Her Answer, Due: Daisy, one of the five students profiled in Davis Guggenheim's documentary Waiting for Superman, has her college and career plans already mapped out.
Her Answer, Due: Daisy, one of the five students profiled in Davis Guggenheim's documentary Waiting for Superman, has her college and career plans already mapped out. Paramount Vantage
Consider Daisy. She's a fifth-grader who lives in East Los Angeles, and she's got both a tough background and some big dreams.
"She says it right out," says filmmaker Davis Guggenheim, who follows Daisy and other at-risk kids in his new documentary, Waiting for Superman. "I say, 'What do you want to do for a living?' and she says, 'I want to be doctor.' "
And here's the thing, Guggenheim tells NPR's Melissa Block: "You actually think Daisy could be a doctor. She's already written her [target] college to say, 'Remember me, because I'm going to be applying.' Her father drives a truck, and her mother cleans hospital rooms, but they all believe that with hard work and studying, she can be a doctor."
So in Waiting for Superman — designed to spark debate and spur action around the U.S. educational system the way Guggenheim's An Inconvenient Truth got people talking about climate change — the filmmaker runs the numbers.
"We actually break down what the chances are of her reaching her dream," Guggenheim says. Unless Daisy lucks out in a lottery and lands a slot in a charter school, she'll end up at a local middle school.
"By the time she graduates eighth grade, less than 13 percent of her classmates will be proficient in math," Guggenheim says. Worse: "The next high school that she's going to go to, a very, very small percentage of her classmates will even have the credits to go to a four-year college."
So that dream of medical school?
"It's technically possible, but when you put that [reality] in front of her, you realize that it's really, really hard, and it's stacked against her."
And that, Guggenheim says, makes for intense storytelling.
"As a filmmaker, the most dramatic and the most dread-inspiring thing is when the audience can see more than the characters themselves can see," he says. "We can project what lies ahead for Daisy, even though she and her parents really believe that it's possible."
'Not The Silver Bullet,' But An Idea Incubator Nonetheless
Daisy — along with Anthony in Washington, D.C., Emily in Silicon Valley, Francisco in the Bronx and Bianca in Harlem — are the indelible personalities at the center of a film that insists we consider the names and faces behind those alarming education statistics.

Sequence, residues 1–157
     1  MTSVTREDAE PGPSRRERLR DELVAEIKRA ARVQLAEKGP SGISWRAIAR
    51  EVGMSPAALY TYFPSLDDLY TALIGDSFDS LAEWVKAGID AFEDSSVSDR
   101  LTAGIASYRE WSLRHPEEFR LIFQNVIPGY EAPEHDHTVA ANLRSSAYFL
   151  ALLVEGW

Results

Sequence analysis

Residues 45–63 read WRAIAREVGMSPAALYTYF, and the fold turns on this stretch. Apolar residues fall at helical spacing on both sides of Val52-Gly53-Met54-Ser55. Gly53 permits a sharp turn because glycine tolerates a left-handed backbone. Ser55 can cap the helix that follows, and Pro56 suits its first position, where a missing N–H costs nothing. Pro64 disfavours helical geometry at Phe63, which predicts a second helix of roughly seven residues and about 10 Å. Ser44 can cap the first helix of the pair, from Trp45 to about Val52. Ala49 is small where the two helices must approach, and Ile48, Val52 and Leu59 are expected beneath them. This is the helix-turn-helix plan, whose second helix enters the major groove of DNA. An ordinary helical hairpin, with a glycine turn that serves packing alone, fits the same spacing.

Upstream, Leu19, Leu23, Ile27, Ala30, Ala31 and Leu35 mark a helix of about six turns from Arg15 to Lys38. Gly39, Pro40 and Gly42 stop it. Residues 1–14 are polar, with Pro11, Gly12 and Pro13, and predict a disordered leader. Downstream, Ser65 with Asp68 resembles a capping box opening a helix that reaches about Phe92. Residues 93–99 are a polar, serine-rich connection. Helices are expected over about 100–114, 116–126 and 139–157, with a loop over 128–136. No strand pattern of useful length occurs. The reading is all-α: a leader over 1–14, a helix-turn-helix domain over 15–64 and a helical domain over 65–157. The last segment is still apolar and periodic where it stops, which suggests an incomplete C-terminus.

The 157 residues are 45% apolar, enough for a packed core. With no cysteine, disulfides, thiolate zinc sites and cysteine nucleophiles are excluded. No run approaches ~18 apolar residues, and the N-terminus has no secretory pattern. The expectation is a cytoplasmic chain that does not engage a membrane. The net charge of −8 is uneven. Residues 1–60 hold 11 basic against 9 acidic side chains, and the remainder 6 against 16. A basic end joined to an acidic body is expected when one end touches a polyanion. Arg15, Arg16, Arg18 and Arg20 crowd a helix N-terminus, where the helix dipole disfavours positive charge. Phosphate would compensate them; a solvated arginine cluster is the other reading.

A Bronx Tale: Maria, a New York City social worker, was the first in her family to go to college, and she wants her son Francisco to get there too. In the film, he competes alongside 791 other applicants for 40 available spots at a charter school in Harlem.
A Bronx Tale: Maria, a New York City social worker, was the first in her family to go to college, and she wants her son Francisco to get there too. In the film, he competes alongside 791 other applicants for 40 available spots at a charter school in Harlem. Paramount Vantage
Guggenheim profiles the children, introduces their families, anatomizes their schools and sketches possible routes to success. Then he follows them — all five of them — to the charter-school lotteries where each one will reach a crucial fork in his or her educational path.
The film's focus on a few success stories in the relatively small charter-school universe has drawn fire from critics — unionized teachers, portrayed here as a substantial part of the problem, along with others in education — even before its release. They say Guggenheim overlooks similar successes in public schools, some of which are likewise doing inspired work.
"That was not my intention," the director says. "It's important for people to understand that charters are not the silver bullet. Charters are an experiment, in a lot of ways. And it's a very new experiment. But out of this experiment has come these high-performing charters — and now there are a bunch of them," he says. "The KIPP [Knowledge is Power Program] schools, Aspire, Yes, Geoffrey Canada's schools. ... They're proving that it's not as hard as we've made it."
Education-policy experts note that those charter-school experiments have by and large proved difficult to scale — a hurdle, when you're looking to reform a system that's dealing not with hundreds of students, but with millions.
Guggenheim (right) snaps a photo of singer John Legend, who wrote the song "Shine" for the movie's soundtrack.
"That's what they said about the KIPP schools," Guggenheim responds. Launched in the mid-'90s by Teach for America alumni Mike Feinberg and Dave Levin, the project started small, with academies in Houston and New York. And it confronted many of the same doubts.
"They say, 'Oh, [the founders] are just two great people, and they just defy the odds because they're so charismatic,'" Guggenheim says. "[But] now they have more than 90 KIPP schools, and KIPP LA Prep — the one Daisy would go to — doesn't have these charismatic leaders. They have a structure, and a code, that makes these schools work. Longer school days. More school days. Accountability. Great teachers. A constant hammering that these kids look, as a goal, to go to college. And when you walk into these schools, it's the difference between night and day."
Guggenheim knows that the charter-school universe "will never be big enough to educate every kid." But, he says, we can learn from them.
"They're like incubators; we can take those ideas and pull them into mainstream schools," he says. "But we're never going to do that unless we look at some of the big, uncomfortable truths about our schools."
In the audio version of this story, Melissa Block continues the conversation with educator Steven Farr, chief knowledge officer at Teach for America. Click the Listen button above to hear the full interview.